JOURNAL ARTICLE

Impulsivity differences in recreational cannabis users and binge drinkers in a university population

Margarita Moreno, Angeles F Estevez, Flor Zaldivar, Jose Manuel García Montes, Valeria E Gutiérrez-Ferre, Laura Esteban, Fernando Sánchez-Santed, Pilar Flores
Drug and Alcohol Dependence 2012 August 1, 124 (3): 355-62
22425410

BACKGROUND: Recreational cannabis use and alcohol binge drinking are the most common drug consumption patterns in young adults. Impulsivity and several psychopathological signs are increased in chronic drug users, but the implications of recreational use are still poorly understood.

METHODS: We evaluated impulsivity, sensation-seeking traits, impulsive decision-making, inhibitory control and possible symptoms of depression, anxiety and psychosis in three groups of young university adults: recreational cannabis users (N=20), alcohol binge drinkers (N=22) and non-drug users (N=26).

RESULTS: The cannabis and binge drinking groups had increased scores for impulsivity and sensation-seeking traits. Both groups also exhibited increased impulsive decision-making on the two-choice task and the Iowa gambling task; however, only the cannabis group was significantly different from the non-drug group regarding inhibitory control (go/no-go and stop tasks). The cannabis and binge drinking groups did not show differences in the psychopathological symptoms evaluated.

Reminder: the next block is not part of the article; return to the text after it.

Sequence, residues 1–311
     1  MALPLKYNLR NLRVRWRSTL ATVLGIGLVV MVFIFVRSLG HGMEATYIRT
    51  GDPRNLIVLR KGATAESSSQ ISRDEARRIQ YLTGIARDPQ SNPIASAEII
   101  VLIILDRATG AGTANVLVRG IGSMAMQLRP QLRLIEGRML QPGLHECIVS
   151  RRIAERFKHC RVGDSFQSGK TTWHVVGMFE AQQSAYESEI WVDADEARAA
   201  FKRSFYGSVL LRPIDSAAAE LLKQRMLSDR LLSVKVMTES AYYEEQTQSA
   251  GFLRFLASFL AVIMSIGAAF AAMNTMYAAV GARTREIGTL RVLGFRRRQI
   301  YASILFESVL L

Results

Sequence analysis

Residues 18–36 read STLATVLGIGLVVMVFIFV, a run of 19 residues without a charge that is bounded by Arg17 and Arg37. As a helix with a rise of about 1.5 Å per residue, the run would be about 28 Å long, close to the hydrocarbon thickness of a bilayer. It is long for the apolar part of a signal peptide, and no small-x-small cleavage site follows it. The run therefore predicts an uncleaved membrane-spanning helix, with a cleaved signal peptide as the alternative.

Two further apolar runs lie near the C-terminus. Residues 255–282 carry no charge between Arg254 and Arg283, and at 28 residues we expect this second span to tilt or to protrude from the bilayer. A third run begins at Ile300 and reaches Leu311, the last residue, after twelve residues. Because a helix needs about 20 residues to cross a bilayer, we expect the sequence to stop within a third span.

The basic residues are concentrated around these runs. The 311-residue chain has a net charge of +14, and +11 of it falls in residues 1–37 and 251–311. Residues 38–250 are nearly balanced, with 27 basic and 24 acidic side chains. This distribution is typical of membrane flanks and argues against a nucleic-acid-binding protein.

CONCLUSIONS: Our observations of this population of non-dependent drug users are consistent with the increased impulsivity traits and behaviors that have been described previously in chronic drug abusers. In this study, compared to no drug use, the recreational use of cannabis was associated with a major dysfunction of the different facets of impulsive behaviors. However, alcohol binge drinking was related only to impulsive decision-making. These results suggest that impulsivity traits and behaviors are present not only in chronic drug abusers but also in recreational drug users. Future work should continue to investigate the long-term effects of these common consumption patterns on various impulsive behaviors and psychopathological symptoms.

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